In a push to encourage more affordable housing, Petaluma leaders have erased millions of dollars of impact fees it normally bills for new construction.
The council unanimously approved the fee exemption for certain planned or under construction affordable housing projects.
City Attorney Eric Danly said results won't appear overnight, but should appear in the medium term.
"Hopefully, what we'll see is that it makes it easier for the city to support, and bring on-line more affordable housing projects."
Danly said Petaluma has kept pace with regional housing targets generally, but has been less successful delivering units for those at the lower end of the income scale.
A city assessment found that without changes the fees assessed to one of it's current heralded projects, the conversion of a run-down motel under the state's Project Homekey into 60-units of permanent supportive housing, would be assessed $1.5 million in fees.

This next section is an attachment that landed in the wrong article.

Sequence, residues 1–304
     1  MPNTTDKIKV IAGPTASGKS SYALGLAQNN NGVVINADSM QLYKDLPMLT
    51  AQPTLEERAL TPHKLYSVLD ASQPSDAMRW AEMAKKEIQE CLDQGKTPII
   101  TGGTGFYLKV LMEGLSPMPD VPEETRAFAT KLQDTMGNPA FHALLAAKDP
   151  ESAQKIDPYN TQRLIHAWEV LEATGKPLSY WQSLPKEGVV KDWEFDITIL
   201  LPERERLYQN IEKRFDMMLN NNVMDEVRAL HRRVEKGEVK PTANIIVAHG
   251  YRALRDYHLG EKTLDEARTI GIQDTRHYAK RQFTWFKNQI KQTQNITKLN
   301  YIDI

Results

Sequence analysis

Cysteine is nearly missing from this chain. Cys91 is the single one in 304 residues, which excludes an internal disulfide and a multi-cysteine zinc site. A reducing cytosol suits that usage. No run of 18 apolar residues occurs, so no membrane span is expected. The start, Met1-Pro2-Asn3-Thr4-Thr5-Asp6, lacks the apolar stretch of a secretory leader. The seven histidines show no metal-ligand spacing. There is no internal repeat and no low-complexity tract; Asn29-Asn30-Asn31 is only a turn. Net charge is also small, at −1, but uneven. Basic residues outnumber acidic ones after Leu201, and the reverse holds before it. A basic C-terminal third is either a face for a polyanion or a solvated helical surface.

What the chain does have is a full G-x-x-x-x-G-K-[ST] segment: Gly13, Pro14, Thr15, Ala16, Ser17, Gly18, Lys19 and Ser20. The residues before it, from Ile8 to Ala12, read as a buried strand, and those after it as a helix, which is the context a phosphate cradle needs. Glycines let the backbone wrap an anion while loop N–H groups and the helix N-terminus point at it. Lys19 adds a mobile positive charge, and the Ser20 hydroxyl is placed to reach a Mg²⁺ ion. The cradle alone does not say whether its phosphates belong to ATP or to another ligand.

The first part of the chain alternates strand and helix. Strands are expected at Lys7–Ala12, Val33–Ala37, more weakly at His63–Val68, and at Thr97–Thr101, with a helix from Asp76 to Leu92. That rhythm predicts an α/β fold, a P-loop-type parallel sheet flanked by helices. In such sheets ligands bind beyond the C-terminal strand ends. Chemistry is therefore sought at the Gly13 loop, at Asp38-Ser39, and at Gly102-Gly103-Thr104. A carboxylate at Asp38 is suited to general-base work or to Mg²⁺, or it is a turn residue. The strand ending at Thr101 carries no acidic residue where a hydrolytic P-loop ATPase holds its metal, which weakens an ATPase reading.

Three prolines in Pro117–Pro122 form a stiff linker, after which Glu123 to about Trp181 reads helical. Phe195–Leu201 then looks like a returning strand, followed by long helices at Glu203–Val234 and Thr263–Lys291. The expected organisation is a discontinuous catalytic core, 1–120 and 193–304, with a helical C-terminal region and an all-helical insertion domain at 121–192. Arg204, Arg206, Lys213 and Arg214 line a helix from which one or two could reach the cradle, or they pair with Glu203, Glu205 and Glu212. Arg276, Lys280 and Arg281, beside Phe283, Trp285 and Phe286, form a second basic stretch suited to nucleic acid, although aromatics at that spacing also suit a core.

The exemptions were extended to so-called moderate rate housing, units affordable to a person earning nearly $95,000 dollars annually or a family of four bringing home up to about $112,000 a year.
Officials said they'll consider wider exemptions as the city's new General Plan is drafted.
The exemptions aren't without cost. Less money means other priorities may take longer to deliver. Money collected in fees is reserved for new infrastructure, including new parks and open space and road construction. Officials did not provide an estimate of how much money Petaluma would forego.
Danly said that money would have to be made up somewhere...but expressed confidence that state and federal grants would make up the deficit.
He said the council will likely take that into account as it explores potentially widening fee exemptions.
"Its going to be important for them to be able to see what the potential impacts are to both of the sides, both for delivering affordable housing and to providing the infrastructure the city needs," he said.